COLUMBUS (WCMH)–The police investigation into the shooting death of 13-year-old Tyre King will probably take weeks.
Columbus police have a critical incident response team that investigates police-involved shootings. Columbus Police Chief Kim Jacobs says the department will gather all the evidence and statements from witnesses, including the police officers.
“We will all make that part of the investigation and all of that will be shared with the county prosecutor and then we also anticipate it will be shared with the grand jury down the road,” Jacobs said.
Bryan Mason, the officer who fired multiple shots at Tyre King, remains on administrative leave.
Police say Mason was among a number of officers who responded to a call of an armed robbery on Wednesday night. The officers chased several suspects. A police news release says King pulled a gun from his waistband. The gun recovered at the scene was a BB gun.
Earlier this summer, a Supreme Court-appointed task force studying the grand jury process in Ohio issued a report recommending that all Police Use of Lethal Force cases be investigated by the state attorney general.
Ohio State University law professor Ric Simmons, a member of the task force, says the panel concluded that a change is needed to restore public confidence.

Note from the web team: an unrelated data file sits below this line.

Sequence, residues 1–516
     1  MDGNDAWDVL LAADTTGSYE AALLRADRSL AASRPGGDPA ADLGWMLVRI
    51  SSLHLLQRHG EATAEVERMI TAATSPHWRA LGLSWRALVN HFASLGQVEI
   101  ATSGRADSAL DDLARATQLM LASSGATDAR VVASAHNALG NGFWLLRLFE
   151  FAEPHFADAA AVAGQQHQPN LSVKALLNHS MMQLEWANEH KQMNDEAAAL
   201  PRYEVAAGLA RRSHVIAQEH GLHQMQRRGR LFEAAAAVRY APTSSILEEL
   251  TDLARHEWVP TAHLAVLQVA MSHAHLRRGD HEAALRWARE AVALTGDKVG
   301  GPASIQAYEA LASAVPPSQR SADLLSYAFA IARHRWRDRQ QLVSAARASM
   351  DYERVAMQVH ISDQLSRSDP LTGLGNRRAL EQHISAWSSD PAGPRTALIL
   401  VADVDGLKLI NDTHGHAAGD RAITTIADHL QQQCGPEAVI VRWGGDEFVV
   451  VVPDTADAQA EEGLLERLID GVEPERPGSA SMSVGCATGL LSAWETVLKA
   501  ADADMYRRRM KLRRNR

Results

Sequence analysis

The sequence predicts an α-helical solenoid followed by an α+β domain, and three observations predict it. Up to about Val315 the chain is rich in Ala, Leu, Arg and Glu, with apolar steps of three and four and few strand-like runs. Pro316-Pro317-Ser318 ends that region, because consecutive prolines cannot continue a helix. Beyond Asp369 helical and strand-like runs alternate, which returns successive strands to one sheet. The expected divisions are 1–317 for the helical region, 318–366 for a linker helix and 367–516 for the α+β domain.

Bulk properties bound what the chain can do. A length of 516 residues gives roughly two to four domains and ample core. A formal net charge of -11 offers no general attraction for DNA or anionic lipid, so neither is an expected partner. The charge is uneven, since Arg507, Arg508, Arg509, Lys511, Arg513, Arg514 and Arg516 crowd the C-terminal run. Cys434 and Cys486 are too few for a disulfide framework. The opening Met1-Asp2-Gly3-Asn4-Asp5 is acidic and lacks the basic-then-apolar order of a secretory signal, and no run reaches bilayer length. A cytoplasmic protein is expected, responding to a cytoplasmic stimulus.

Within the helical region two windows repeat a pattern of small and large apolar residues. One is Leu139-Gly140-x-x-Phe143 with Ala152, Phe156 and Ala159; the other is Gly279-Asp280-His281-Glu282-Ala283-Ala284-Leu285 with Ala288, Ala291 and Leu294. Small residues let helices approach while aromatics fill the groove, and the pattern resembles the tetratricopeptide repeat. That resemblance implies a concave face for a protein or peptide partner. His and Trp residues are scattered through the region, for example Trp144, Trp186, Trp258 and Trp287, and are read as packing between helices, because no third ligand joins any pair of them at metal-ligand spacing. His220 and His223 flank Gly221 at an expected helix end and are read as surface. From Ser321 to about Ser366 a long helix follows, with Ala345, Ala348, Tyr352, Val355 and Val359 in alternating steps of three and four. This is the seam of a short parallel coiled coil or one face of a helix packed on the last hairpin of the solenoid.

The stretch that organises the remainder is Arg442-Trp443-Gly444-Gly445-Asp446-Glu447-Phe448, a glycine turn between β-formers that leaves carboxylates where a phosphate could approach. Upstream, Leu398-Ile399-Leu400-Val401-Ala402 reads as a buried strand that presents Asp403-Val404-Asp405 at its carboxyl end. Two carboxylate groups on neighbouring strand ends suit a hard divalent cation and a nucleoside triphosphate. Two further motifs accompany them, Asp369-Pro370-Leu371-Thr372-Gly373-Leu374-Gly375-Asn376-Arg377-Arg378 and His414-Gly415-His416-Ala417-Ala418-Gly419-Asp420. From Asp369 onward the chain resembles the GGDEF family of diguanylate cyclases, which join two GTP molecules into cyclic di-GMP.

“Something needs to change and not because we didn’t trust law enforcement or we didn’t trust county prosecutors but because there was a mistrust among the community of what was going on,” Simmons said.
Tammy Fournier Alsaada of the People’s Justice Project says the process used by Columbus Police is flawed.
“It’s a very weighted, one-sided process,” Fournier Alsaada said. “The prosecutor and the police are in a direct relationship and that’s a problem.”
Ohio Attorney General Mike DeWine has said he will do whatever the General Assembly directs him to do, but has pointed out that even his office gets criticized in some cases of police-involved shooting investigations.
But the task force concluded the Attorney General’s office is a better option.
“The attorney general, although still being somewhat tied to law enforcement is at least one layer removed and won’t have that same close tie to law enforcement and there’ll be at least more of a sense that they’re doing their own independent investigation,” Simmons said.